Here & Now
12:56 pm
Wed July 2, 2014

Debating The Death Penalty

The "death chamber" at the Texas Department of Criminal Justice Huntsville Unit in Huntsville, Texas, is pictured in February 2000. (Paul Buck/AFP/Getty Images)

Originally published on Wed July 2, 2014 12:39 pm

On July 2, 1976, the U.S. Supreme Court reinstituted the death penalty. A year later, convicted murderer Gary Gilmore was executed by a firing squad in Utah. That same year, 1977, Oklahoma became the first state to approve lethal injection as a means of implementing the death penalty. It was in that state in April that an execution by lethal injection was botched.

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Immigration
11:16 am
Wed July 2, 2014

VIDEO: Bridenstine Denied Access To Fort Sill Detention Facility

U.S. Rep. Jim Bridenstine attempts to gain access to the immigrant facility at Fort Sill.
Credit U.S. Rep. Jim Bridenstine / Facebook

A Republican congressman from Oklahoma says he was denied access to a federal facility at Fort Sill that is housing hundreds of mostly teenage immigrant children from Central America.

Freshman U.S. Rep. Jim Bridenstine of Tulsa says he was visiting the Army post on Tuesday when he approached the facility and was told by security that he was not allowed to enter.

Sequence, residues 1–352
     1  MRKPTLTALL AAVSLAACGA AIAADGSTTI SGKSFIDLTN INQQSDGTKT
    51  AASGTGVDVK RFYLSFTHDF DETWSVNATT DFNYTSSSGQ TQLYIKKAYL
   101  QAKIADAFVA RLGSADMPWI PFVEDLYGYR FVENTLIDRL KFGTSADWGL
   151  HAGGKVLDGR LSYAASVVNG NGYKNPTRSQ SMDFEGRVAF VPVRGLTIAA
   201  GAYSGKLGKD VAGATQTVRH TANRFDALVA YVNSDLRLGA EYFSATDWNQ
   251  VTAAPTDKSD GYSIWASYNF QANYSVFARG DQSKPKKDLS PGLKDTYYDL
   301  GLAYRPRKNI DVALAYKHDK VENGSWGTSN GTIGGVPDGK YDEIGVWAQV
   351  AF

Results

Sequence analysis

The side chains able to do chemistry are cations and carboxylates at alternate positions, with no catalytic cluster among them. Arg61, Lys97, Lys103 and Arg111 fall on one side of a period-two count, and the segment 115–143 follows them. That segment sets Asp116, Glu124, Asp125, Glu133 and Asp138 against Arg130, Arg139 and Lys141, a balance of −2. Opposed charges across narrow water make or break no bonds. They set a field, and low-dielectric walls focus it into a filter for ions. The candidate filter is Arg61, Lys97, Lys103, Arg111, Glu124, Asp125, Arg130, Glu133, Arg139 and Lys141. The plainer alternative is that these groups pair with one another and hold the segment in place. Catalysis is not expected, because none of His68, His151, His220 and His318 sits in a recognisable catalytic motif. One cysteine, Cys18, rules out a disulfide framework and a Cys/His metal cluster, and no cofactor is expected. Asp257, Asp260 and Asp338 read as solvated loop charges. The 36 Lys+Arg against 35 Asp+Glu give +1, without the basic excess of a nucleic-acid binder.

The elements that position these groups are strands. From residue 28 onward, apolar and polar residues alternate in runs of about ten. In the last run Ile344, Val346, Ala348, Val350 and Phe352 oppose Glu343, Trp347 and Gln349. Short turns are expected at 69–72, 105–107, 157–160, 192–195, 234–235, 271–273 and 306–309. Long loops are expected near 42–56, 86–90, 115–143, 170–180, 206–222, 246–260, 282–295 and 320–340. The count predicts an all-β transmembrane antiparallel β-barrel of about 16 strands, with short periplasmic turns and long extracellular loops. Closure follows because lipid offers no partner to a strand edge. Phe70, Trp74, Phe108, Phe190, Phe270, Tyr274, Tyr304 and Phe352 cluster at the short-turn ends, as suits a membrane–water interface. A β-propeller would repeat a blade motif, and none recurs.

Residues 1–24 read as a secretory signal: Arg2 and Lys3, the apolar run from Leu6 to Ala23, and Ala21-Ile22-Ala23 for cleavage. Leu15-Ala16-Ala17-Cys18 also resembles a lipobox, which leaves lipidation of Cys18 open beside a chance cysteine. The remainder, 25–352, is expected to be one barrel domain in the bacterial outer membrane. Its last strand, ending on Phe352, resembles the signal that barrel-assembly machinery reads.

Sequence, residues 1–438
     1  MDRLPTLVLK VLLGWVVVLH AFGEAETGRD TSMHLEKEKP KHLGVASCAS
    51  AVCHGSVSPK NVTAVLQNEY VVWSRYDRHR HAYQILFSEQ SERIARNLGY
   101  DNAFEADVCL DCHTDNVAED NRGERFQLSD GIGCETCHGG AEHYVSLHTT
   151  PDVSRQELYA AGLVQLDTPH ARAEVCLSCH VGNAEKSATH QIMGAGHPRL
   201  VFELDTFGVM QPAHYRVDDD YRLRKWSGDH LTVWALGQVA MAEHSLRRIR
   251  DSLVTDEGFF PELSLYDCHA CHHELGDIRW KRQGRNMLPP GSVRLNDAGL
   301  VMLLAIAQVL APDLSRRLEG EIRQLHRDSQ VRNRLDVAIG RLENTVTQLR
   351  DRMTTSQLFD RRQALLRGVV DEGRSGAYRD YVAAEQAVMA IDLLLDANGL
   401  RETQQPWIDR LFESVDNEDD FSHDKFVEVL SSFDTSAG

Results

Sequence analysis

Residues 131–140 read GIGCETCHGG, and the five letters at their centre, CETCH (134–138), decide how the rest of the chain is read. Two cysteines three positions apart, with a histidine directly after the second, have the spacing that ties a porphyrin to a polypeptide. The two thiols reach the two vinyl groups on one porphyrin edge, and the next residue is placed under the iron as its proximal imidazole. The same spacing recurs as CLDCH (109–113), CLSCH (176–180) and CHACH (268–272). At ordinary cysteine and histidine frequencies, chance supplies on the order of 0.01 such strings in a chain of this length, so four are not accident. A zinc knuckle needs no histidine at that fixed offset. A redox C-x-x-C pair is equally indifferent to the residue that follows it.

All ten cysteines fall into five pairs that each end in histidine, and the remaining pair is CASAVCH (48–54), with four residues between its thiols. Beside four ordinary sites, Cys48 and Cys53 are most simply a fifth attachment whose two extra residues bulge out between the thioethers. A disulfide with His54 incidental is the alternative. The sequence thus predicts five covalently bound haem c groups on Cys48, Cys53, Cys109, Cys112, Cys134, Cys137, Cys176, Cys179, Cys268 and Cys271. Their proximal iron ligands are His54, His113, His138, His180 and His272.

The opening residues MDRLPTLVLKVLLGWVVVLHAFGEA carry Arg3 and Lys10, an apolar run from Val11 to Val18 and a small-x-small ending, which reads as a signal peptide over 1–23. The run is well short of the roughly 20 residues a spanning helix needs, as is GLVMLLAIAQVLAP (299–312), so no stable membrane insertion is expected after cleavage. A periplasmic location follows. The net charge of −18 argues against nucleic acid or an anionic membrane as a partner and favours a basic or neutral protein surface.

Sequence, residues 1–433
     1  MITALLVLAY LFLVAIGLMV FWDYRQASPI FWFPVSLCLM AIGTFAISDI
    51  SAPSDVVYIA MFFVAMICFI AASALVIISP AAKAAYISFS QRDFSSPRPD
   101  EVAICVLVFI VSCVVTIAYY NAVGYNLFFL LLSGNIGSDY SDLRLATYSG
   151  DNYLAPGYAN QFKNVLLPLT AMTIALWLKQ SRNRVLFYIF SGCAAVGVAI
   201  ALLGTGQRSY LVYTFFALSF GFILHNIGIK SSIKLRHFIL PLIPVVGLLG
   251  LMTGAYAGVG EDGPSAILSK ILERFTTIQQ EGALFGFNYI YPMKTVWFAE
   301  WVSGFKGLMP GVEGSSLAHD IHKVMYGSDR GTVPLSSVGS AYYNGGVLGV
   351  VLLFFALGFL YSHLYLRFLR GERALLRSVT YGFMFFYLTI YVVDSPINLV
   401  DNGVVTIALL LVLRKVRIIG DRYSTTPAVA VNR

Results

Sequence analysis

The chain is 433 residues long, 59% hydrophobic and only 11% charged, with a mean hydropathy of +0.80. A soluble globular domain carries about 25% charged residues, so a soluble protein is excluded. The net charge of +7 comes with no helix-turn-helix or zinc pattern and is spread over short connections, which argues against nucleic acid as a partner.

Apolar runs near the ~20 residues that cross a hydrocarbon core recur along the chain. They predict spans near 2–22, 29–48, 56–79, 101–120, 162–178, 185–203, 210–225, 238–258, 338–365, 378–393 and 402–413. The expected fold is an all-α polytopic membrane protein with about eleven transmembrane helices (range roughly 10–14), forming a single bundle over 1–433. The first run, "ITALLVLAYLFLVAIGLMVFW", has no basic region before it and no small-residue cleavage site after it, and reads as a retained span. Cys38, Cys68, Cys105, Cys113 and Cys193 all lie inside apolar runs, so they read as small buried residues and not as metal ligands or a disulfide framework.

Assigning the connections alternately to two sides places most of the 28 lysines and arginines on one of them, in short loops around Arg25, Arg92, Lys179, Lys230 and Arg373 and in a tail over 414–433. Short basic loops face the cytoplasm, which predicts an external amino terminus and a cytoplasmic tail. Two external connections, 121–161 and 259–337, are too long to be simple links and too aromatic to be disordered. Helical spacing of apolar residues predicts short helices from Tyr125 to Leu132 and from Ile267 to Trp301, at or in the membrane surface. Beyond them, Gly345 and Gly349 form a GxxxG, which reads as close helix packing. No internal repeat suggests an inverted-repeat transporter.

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10:02 am
Wed July 2, 2014

This American Gamble: Ira Glass’s ‘This American Life’ Leaves PRI

Lead in text: 
A lot of this is public radio "Inside Baseball," but here's a fascinating piece from Wednesday morning's 'New York Times' about the decision by 'This American Life' to change distributors.
Ira Glass had lost his voice. That gentle, reliably nasal, public radio staple of a voice had been worked hoarse. On any given day, this would be an issue for Mr. Glass, 55, whose award-winning show, "This American Life, is broadcast on nearly 600 stations and is consistently the top podcast on iTunes.
The Race Card Project: Six-Word Essays
8:42 am
Wed July 2, 2014

A Woman Wrestles With A Disturbing Family Memento

Carol Zachary's grandfather, Herbert Fleming, a county auditor, was required to attend Montana's first legal triple-hanging in a barn in Meagher County, Mont., in 1917. Fleming was one of approximately 60 witnesses that day.
Courtesy of Carol Zachary

Originally published on Wed July 2, 2014 1:15 pm

NPR continues a series of conversations about The Race Card Project, where thousands of people have submitted their thoughts on race and cultural identity in six words. Every so often NPR Host/Special Correspondent Michele Norris dips into those stories to explore issues surrounding race and cultural identity for Morning Edition.

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Weather and Climate
7:45 am
Wed July 2, 2014

Climate Data Shows Last Month Second-Wettest June On Record

30-day rainfall accumulation in Oklahoma as of 7:35 a.m. on July 2, 2014.
Oklahoma Mesonet

Preliminary data from the Oklahoma Mesonet show the state averaged about 5.8 inches of rain in June - about an inch-and-a-half above normal for this time of year.

Associate State Climatologist Gary McManus says six Mesonet stations in northern Oklahoma recorded at least 9 inches of rain this month...Buffalo had the highest rainfall total at 10.4 inches.

An inch of rain fell somewhere in Oklahoma on 19 of the months 30 days, and that helped relieve some of the drought in the state as well.